8:00 am – 9:00 am EDT National Immigration Forum Washington, DC
Alliance President Bob Wise, U.S. Senator Richard Durbin (D-IL), and education advocates discussed the Development, Relief, and Education for Alien Minors (DREAM) Act.
4:00 am – 1:00 pm EDT Washington Court Hotel 525 New Jersey Ave NW Washington, DC
On October 4-5, the Alliance for Excellent Education convened local, state, and national education leaders to discuss federal strategies for improving the achievement of our nation’s struggling middle and high school students. Last year’s conference examined the consensus that has been building around a federal agenda for high school reform. Leveraging that momentum, this year’s conference focused on explicit policies that should be included in NCLB to improve high schools.
4:30 am – 7:00 am EDT Resources for the Future Washington, DC
On September 12, the Alliance released High School Teaching for the Twenty-first Century: Preparing Students for College with a panel of national experts on teacher quality discussing how the teacher preparation pipeline, from pre-service training to professional development, can be strengthened in order to raise the quality of high school teaching in order to prepare students for success beyond the high school diploma.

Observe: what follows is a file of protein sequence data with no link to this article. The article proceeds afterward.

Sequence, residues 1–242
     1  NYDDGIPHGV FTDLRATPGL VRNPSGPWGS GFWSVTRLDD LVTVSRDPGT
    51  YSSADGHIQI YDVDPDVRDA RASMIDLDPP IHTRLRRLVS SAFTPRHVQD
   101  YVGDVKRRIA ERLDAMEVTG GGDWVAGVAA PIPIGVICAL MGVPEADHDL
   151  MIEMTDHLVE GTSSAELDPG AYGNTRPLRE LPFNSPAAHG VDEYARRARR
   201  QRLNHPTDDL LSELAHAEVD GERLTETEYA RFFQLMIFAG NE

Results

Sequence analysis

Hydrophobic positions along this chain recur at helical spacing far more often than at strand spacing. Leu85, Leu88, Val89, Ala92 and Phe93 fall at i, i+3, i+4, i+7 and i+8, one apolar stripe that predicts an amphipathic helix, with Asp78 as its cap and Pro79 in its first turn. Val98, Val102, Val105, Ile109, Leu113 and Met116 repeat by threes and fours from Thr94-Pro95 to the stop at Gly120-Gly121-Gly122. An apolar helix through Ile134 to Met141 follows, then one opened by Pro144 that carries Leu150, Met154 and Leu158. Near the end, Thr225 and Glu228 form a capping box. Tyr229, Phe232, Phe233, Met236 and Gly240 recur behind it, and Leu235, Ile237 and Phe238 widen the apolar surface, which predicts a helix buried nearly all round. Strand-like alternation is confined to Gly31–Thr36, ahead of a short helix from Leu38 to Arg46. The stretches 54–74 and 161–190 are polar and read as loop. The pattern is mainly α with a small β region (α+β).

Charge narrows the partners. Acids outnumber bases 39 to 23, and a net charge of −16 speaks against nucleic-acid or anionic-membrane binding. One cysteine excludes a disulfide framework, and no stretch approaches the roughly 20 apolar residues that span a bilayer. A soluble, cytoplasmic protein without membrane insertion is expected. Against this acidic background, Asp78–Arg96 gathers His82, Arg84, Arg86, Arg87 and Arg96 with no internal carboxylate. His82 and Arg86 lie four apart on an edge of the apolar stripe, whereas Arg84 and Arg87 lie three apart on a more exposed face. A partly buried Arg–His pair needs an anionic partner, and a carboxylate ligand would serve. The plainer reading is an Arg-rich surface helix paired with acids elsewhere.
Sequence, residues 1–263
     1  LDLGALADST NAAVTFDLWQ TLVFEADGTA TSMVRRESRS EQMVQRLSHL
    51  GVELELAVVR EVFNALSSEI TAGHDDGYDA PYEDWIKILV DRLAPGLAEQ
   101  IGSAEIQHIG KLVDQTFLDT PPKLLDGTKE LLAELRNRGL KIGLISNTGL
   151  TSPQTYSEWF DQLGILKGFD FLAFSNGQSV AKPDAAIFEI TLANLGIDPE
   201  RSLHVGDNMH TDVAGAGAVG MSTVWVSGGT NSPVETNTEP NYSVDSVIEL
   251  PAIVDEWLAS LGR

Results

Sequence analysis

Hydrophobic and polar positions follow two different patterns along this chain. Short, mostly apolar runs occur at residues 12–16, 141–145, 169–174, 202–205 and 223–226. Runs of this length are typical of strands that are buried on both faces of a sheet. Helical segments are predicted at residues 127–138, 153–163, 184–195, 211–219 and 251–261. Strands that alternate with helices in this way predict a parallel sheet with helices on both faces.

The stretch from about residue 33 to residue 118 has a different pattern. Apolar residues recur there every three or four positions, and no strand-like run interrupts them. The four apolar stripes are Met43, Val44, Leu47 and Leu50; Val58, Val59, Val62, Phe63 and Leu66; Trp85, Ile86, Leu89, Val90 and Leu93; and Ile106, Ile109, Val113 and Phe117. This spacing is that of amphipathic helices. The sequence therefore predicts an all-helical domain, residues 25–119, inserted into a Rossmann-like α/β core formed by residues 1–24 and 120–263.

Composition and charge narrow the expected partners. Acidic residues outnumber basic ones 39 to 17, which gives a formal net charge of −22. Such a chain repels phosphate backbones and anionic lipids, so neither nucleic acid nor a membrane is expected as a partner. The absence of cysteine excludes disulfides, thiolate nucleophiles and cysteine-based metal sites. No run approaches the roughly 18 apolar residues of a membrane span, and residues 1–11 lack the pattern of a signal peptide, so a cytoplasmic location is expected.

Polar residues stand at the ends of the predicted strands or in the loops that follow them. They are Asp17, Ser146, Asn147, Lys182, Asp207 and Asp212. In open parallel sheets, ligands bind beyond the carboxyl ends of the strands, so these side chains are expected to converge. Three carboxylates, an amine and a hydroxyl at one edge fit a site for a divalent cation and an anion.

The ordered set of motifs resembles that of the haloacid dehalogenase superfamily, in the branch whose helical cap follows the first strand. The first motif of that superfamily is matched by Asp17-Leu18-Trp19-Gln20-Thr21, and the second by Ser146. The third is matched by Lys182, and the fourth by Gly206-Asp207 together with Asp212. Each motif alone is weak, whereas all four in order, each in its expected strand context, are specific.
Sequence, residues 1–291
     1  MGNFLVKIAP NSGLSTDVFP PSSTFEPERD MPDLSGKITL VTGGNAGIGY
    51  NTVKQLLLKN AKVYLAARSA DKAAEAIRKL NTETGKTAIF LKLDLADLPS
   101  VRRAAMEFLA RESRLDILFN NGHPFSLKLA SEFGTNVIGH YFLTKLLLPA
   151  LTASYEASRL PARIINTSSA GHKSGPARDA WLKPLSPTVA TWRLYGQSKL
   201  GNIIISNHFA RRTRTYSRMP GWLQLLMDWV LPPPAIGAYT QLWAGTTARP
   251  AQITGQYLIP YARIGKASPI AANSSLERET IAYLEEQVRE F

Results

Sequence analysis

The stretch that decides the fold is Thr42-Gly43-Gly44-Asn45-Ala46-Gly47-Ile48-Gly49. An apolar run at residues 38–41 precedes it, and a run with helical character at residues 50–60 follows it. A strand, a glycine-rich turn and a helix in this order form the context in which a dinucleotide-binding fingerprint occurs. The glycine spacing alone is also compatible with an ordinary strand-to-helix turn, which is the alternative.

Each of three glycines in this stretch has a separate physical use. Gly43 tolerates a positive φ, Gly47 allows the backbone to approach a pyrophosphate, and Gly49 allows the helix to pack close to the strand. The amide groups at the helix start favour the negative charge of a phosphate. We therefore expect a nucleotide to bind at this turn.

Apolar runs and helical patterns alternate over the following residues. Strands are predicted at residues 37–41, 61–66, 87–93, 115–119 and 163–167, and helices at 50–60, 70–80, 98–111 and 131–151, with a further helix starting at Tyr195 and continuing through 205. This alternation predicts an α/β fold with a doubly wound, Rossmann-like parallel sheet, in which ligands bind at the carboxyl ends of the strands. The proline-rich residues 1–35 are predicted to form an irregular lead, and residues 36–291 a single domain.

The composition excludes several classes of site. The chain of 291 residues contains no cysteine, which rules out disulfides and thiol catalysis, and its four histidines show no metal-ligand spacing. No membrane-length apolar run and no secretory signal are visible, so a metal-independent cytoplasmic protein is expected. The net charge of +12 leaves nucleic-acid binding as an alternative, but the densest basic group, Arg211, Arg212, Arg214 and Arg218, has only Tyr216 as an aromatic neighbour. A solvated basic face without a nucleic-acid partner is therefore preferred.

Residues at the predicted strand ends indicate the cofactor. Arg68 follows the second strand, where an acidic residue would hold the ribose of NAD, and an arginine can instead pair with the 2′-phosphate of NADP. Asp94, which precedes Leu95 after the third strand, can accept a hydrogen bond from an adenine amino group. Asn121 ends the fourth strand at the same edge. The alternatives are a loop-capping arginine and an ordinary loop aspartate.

6:00 am – 8:00 am EDT U.S. Senate 325 Russell Building Washington, DC
Nationally, one-third of our students – about 1.2 million each year – leave high school without a diploma, and graduation rates for poor and minority students are even lower. Because the consequences are significant for individuals, communities, and the nation, identifying and solving the dropout crisis is critical to improving the long-term well-being of today’s youth and tomorrow’s economy.